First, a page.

Entrepreneurial casino - rolling the dice
Sure, there is risk in any kind of venture, whether it be incremental investment in a long-running and "proven" business, or an attempt to commercialize a "new idea" or enter a radically new market, but the question is how to characterize and categorize these risks so that we can properly compare and evaluate them. A "bold" move will typically have a much higher risk of failure than a "conservative" move, but when a solid wall looms ahead that may block an existing business or business model the tamer move may in fact dramatically increase the risk that the business will not survive at all. Sometimes, but not all of the time. Tough call.
With an entrepreneurial venture we are by definition invoking a significant higher level of risk as we try to make a big splash. OTOH, that big leap may have a higher probability of surviving in the longer-term if it can make it beyond the "infant mortality stage." That can be a very wise tradeoff, but it also means that the venture can begin to look a lot more like a casino bet than a rational business decision.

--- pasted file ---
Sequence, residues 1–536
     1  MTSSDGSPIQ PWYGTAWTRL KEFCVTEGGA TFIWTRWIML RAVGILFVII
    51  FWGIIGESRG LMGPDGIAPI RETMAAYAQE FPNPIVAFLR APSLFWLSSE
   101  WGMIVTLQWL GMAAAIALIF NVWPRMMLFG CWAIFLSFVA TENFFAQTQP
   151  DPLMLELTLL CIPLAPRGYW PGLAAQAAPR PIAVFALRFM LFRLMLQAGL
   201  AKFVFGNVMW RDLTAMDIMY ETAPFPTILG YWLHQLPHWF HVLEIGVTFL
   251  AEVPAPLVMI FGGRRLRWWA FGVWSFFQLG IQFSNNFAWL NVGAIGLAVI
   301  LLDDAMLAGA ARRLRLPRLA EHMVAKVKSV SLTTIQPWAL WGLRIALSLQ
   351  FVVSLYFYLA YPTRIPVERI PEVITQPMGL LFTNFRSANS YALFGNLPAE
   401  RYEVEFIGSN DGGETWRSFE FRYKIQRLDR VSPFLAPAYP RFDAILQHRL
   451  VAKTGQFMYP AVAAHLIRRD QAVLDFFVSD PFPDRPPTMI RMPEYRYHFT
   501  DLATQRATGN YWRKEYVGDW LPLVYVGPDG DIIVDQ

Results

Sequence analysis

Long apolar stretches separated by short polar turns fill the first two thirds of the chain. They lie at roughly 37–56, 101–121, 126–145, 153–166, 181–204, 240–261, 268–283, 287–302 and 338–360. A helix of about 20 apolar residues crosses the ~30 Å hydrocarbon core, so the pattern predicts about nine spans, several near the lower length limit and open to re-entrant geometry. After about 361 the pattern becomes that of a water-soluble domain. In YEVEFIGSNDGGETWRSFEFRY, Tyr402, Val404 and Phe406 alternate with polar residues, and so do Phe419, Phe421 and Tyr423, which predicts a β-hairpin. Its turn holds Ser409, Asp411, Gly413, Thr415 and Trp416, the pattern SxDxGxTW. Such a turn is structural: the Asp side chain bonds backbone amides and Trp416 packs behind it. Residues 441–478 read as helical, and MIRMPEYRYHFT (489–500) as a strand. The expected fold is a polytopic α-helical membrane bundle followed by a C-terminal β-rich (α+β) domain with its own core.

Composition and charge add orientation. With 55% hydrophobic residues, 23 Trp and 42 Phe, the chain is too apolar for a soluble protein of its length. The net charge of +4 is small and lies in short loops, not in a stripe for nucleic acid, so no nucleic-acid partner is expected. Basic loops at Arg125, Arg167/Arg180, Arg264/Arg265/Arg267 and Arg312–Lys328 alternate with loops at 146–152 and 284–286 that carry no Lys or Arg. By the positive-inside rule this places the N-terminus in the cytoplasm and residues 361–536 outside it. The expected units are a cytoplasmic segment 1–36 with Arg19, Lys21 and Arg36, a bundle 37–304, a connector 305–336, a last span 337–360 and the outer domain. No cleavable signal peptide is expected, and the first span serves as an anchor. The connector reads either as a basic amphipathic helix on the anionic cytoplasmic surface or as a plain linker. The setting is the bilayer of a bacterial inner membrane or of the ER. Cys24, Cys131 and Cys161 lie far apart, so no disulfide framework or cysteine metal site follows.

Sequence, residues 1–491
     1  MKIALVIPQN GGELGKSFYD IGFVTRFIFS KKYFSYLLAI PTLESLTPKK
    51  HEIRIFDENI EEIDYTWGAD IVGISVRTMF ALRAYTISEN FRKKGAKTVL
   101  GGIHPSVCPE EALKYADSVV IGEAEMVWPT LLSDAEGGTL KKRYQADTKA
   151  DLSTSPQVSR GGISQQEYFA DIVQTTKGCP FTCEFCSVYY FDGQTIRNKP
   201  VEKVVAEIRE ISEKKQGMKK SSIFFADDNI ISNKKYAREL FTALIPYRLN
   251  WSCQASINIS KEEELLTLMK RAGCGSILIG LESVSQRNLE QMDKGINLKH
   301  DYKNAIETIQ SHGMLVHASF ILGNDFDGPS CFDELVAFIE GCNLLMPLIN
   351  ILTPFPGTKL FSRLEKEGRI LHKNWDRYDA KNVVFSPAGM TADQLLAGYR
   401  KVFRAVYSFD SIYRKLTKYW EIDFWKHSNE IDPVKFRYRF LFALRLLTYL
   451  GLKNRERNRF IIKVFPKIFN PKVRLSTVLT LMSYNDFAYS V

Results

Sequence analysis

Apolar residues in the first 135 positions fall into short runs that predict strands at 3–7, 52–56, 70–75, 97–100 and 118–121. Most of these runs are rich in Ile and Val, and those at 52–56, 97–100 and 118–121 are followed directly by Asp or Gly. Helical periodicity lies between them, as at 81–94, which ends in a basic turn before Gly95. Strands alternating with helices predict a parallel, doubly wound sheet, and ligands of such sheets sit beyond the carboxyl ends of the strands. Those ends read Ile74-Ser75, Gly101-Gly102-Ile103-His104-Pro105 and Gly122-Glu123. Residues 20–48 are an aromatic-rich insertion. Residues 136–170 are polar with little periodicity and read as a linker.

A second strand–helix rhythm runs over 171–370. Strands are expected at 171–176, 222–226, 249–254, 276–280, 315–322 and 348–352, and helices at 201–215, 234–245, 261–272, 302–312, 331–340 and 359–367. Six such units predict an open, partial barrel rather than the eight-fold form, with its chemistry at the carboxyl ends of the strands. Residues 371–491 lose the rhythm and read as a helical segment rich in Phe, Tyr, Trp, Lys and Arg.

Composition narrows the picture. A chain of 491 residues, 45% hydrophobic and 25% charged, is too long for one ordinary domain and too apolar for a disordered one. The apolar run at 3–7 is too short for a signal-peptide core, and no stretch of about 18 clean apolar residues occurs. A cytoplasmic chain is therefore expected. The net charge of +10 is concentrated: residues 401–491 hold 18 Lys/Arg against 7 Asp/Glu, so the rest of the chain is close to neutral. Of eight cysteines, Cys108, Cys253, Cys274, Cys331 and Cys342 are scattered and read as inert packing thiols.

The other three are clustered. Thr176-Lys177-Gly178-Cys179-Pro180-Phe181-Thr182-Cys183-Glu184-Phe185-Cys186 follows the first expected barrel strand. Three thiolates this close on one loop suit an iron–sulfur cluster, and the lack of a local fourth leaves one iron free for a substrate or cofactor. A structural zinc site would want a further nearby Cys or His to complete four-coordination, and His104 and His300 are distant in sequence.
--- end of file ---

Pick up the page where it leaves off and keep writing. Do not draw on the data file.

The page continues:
We can also hedge our bet by leading with a smaller splash that is calculated to have a more robust appeal to a smaller audience. That can dramatically reduce short-term risk, but may also dramatically reduce the chance of retaining the degree of boldness to later break out of the niche to a much broader market. Essentially, you are not reducing total risk, but simply shuffling it around and making an implicit statement about your depth of vision. Figuring out how to balance the short-term and the longer-term is a core challenge.
Sure, you can always reduce the chance of a loss on a casino bet but placing a smaller bet, but it is still a casino bet at heart.
And if you feel that you have hedge enough to eliminate virtually all risk, you may ultimately find that you have eliminated your chance of a reasonable return as well.
Evaluating, balancing, and hedging. Good stuff, but at the end of the day you still have to finally roll the dice and let reality judge whether your reasoning is valid.
Timing is a factor as well. Sometimes being earlier is better, but being too early can be as risky as being too late. If an emerging market is not "ready" you may or may not have the resources to wait or force readiness. To a large extent this may be a matter of personal preference, but it does have implications for your risk profile as well. Either way, the dice must still be rolled.